In it’s most basic form it’s softening the reality of the story, but also it gives us something visually resonant to watch instead of watching interviews. Sure structurally Waltz With Bashir is a little episodic, but there is something so wonderful about this approach. It’s sheer volume of stories is a powerful representation of just how manic the war was, and with such a personal connection to his film Folman has created something authentic.
The animation isn’t frantic though, it has constant movement but never enough to overpower the voices that are speaking, as this movie really is about the people who suffered and not about showmanship. It’s wonderfully balanced, and while it’s not child-friendly in tone, it acts as exhibit A to the close minded opinion that animation is just for kids.
Spider-Man: Into the Spider-Verse (2018)
director: Bob Persichetti, Peter Ramsey, Rodney Rothman | Runtime: 117mins | Action, Adventure
When Miles (Shameik Moore) gets bitten by a radioactive spider, he becomes the new Spider-Man of his reality. While trying to adapt to his new powers, he must help fellow Spider-Men, from different realities, to stop Kingpin (Liev Schreiber).
I imagine for a lot of people the idea of another Spider-Man movie was exhausting, with the franchise being rebooted twice by Sony and once by Marvel, it came as quite the surprise when the Phil Lord driven story propelled this movie to one of the very best that 2018 had to offer.
Miles Morales, while not the most associated name with the spidey suit, cemented his place into everyone’s hearts as the super-smart (and super awkward) teenager that’s gifted with the powers of Spider-Man. Not only is his character flawed in the best way, his flaws latch on too the other Spider-Men in the story, turning the high-concept into genuine relevance. Not only that but the film pokes fun at the overplayed origin story while simultaneously being the greatest incarnation in Spidey’s cinematic history.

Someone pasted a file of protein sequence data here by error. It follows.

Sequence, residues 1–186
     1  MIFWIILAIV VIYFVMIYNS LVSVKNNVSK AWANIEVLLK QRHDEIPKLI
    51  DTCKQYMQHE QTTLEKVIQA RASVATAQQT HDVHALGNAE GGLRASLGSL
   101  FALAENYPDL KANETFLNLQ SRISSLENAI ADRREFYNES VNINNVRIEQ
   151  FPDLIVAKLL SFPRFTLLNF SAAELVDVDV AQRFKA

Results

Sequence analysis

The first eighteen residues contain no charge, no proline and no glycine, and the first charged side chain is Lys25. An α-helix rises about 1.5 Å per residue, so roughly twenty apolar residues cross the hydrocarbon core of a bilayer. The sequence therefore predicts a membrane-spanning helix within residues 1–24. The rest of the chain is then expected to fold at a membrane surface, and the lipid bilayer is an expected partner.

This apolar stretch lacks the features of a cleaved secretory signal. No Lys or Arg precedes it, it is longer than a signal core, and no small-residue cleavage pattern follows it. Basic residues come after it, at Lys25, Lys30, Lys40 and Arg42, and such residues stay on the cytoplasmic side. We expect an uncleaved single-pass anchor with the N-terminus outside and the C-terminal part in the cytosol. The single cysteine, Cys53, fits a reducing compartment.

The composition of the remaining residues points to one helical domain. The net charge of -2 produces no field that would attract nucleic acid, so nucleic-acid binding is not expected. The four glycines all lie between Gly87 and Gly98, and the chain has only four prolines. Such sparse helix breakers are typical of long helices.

Not only does is work as a superhero film, but it’s animation and writing burst off the page, it has the campiness of a comic book but the maturity of 21st century film, as well as a message about finding your own voice to really resonate. It also nods to previous works as well (for their good and bad aspects) all while having the most unique voice any Spider-Man film has ever had.
Kubo and the Two Strings (2016)
Director: Travis Knight | Runtime: 101mins | Fantasy, Adventure, Action
Kubo’s (Art Parkinson) quiet life is disturbed when a vengeful family spirit comes to attack him. With the help of a snow monkey (Charlize Theron) and a beetle (Matthew McConaughey), he must find the magical armour worn by his late father, in order to protect himself.
Laika Entertainment having been making headway in the world of animation for some time, with the likes of Coraline (2009), The Boxtrolls (2014) and last years Missing Link (2019) in their catalogue. But the shining star (by a country mile) is Kubo and the Two Strings. Bursting with heart and astonishing animation, Kubo is soft in it’s approach to emotion but also spectacular in it’s visual presentation.
Set on the surface of it’s origami-like animation, it challenges the bond between child and parents, as Kubo’s search for his late father’s armour and weaponry becomes his chance to experience something he never had. The scenes about parent and child relationships are rattling, as well as the mystical elements of spirit aunt’s and grandfathers.
While the animation and story on point, everything else pushes Kubo to a wonderful final product. The music wonderfully gets incorporated into our character, using his shamisen evoke emotion from whomever hears him. If Laika maintained this amount quality in all their work, chances are they might be closer to the level of Pixar as one of the strongest voices among the animation world.